Major changes to the Unfair Contract Terms Regime: Time to act
On this page:
- 1. "My business is not affected because we do not use standard form contracts."
- 2. "Terms such as services and pricing differ between contracts, and customers are able to negotiate terms. As such, we do not have standard form contracts."
- 3. "The unfair contract terms regime has been around for many years, we’ve not been affected by it."
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Not sure whether the upcoming changes to laws about unfair contract terms apply to your business?
With the deadline of 9 November 2023 quickly approaching, DMAW Lawyers dispels some common misconceptions about the Unfair Contract Terms Regime.
1. "My business is not affected because we do not use standard form contracts."
It is likely that your business uses standard form contracts.
Most businesses use standard form contracts in one form or another. For example, if your business has a set of terms and conditions of trade or for the provision of credit, it uses standard form contracts.
2. "Terms such as services and pricing differ between contracts, and customers are able to negotiate terms. As such, we do not have standard form contracts."
These variations and the ability by customers to negotiate their contracts do not necessarily mean that contracts are not in standard form.
Whether a contract is in standard form will be fact dependent. The new changes to the regime include clarification that a contract may still be a standard form contract even if there are minor or insubstantial changes, even if options are provided and even if other parties have been able to negotiate terms.
More importantly, if a contracting party alleges that a contract is a standard form contract, that contract will be presumed to be a standard form contract unless the other party is able to prove otherwise.
3. "The unfair contract terms regime has been around for many years, we’ve not been affected by it."
Most businesses will be affected by the changes.
The stakes are high if you are not alert to the possibility that the changes will have an effect on your business. There will be major reputational and financial risks.
Customers are much more likely to take advantage of these changes under the regime from 9 November.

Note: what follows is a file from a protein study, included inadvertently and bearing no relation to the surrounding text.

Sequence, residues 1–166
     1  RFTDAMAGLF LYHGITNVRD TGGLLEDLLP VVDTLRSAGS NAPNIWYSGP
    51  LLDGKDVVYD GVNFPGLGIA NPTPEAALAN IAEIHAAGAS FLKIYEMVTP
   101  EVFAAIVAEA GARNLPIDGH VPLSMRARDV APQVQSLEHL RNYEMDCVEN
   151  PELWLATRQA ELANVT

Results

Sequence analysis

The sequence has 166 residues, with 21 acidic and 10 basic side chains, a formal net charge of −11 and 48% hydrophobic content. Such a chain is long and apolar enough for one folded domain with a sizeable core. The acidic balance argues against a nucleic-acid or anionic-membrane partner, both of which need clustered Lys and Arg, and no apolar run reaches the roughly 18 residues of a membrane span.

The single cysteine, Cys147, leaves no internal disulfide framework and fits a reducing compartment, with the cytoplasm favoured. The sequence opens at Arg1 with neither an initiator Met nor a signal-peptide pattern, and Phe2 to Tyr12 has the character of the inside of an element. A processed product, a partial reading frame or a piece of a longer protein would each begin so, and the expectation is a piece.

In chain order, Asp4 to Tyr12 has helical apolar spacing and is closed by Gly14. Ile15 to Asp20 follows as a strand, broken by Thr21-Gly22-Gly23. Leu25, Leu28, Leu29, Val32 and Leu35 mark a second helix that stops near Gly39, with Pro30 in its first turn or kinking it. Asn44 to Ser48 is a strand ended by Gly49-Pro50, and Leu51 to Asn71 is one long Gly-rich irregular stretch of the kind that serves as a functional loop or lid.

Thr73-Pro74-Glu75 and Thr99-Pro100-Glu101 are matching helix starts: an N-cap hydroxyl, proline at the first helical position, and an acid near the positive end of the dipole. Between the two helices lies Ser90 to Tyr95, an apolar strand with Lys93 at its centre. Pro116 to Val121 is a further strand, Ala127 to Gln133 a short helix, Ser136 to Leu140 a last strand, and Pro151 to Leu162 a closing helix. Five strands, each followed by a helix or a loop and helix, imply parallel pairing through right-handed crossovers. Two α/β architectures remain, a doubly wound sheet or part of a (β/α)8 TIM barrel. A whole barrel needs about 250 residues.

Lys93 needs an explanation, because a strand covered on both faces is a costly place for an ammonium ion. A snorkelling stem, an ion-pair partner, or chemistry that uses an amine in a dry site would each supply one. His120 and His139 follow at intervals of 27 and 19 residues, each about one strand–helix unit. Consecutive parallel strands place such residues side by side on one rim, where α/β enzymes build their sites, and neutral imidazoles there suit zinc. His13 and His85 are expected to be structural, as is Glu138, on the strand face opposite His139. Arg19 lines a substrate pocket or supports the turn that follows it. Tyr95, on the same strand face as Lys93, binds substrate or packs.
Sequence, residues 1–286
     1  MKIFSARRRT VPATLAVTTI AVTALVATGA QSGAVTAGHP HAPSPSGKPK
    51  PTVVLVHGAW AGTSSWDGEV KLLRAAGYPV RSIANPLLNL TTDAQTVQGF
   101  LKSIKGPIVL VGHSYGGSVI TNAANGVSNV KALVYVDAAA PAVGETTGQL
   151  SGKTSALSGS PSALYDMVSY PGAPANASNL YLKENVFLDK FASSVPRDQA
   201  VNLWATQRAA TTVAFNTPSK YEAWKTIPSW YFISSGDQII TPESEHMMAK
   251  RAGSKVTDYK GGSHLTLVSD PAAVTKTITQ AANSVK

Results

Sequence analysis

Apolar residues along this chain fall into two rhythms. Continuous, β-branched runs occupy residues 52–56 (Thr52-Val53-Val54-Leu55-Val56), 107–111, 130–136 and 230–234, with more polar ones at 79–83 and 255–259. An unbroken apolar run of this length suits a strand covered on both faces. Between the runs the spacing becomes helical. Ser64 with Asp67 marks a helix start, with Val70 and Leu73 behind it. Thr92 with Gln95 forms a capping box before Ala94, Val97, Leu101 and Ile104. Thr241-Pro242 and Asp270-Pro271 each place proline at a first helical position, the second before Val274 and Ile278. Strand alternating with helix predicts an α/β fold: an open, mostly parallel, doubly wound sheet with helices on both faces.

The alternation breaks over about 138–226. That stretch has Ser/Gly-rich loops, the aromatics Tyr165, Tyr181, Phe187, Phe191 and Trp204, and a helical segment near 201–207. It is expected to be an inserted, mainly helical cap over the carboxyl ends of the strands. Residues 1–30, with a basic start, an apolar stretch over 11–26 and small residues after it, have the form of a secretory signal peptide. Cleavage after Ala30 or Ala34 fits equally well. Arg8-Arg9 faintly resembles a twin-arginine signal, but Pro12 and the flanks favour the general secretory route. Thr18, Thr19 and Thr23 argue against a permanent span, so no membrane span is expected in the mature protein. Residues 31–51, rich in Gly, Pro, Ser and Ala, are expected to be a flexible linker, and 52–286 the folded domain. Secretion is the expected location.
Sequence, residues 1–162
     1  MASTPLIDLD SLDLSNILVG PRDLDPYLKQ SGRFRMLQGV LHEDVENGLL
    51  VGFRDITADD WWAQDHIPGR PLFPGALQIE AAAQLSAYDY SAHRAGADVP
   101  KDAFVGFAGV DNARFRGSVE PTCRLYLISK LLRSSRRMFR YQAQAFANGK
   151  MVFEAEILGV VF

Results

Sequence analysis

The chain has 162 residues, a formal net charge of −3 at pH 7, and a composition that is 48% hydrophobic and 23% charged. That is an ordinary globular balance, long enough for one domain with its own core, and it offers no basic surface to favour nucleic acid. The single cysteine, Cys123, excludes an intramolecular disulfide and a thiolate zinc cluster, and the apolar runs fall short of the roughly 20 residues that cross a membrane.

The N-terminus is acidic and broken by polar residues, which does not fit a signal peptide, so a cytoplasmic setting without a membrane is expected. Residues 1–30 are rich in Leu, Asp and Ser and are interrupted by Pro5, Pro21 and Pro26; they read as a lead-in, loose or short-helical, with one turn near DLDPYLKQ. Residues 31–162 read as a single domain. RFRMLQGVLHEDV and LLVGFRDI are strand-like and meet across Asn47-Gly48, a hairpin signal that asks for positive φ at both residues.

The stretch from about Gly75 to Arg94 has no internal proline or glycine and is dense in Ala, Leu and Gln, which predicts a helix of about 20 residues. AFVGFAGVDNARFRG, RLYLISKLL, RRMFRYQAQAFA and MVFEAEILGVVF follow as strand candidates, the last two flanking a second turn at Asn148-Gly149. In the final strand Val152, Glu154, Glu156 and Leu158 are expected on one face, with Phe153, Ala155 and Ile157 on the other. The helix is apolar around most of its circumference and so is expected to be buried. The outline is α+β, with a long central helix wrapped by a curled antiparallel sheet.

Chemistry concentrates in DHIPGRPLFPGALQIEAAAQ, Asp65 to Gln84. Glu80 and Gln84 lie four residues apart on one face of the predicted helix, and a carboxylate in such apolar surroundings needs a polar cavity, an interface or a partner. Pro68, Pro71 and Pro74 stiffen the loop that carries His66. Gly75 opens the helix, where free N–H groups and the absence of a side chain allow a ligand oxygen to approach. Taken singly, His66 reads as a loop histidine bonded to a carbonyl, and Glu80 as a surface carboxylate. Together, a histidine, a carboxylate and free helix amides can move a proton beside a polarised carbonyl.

The new regime extends application of the regime significantly. Whilst the regime remains applicable to all contracts with consumers and small businesses, the meaning of ‘small business’ will be changed to mean a business with less than 100 full-time employees or with an annual turnover of less than $10 million in the previous financial year. The upfront price of the contract will no longer be a consideration (unless the contract relates to the provision of financial services or products where the upfront price threshold will be increased).
Under the new regime, it will be illegal to propose an unfair term in a standard form consumer or small business contract. It will also be illegal to apply or rely (or purport to apply or rely) on an unfair term in a standard form consumer or small business contract. Your business’ reputation will be compromised if it is found to have proposed, applied or relied on an unfair contract term in a standard form consumer or small business contract.
Pecuniary penalties can be imposed for each contravention of these prohibitions. The penalties range from a new maximum penalty for individuals of $2.5m and a new maximum penalty for companies which is the greater of: (1) $50 million; (2) three times the benefit obtained and reasonably attributable to the conduct; or (3) potentially 30% of the company’s adjusted turnover during the breach turnover period.
Under the current regime, there is no motivation on consumer or small business customers to raise unfair contract term issues with their suppliers. The potential remedy is simply that the unfair term is void. We expect customers will be more motivated to raise these issues under the new regime because of the introduction of significant civil penalties and other remedies. They may use the presence of unfair contract terms in their contracts to extricate themselves from their contractual obligations.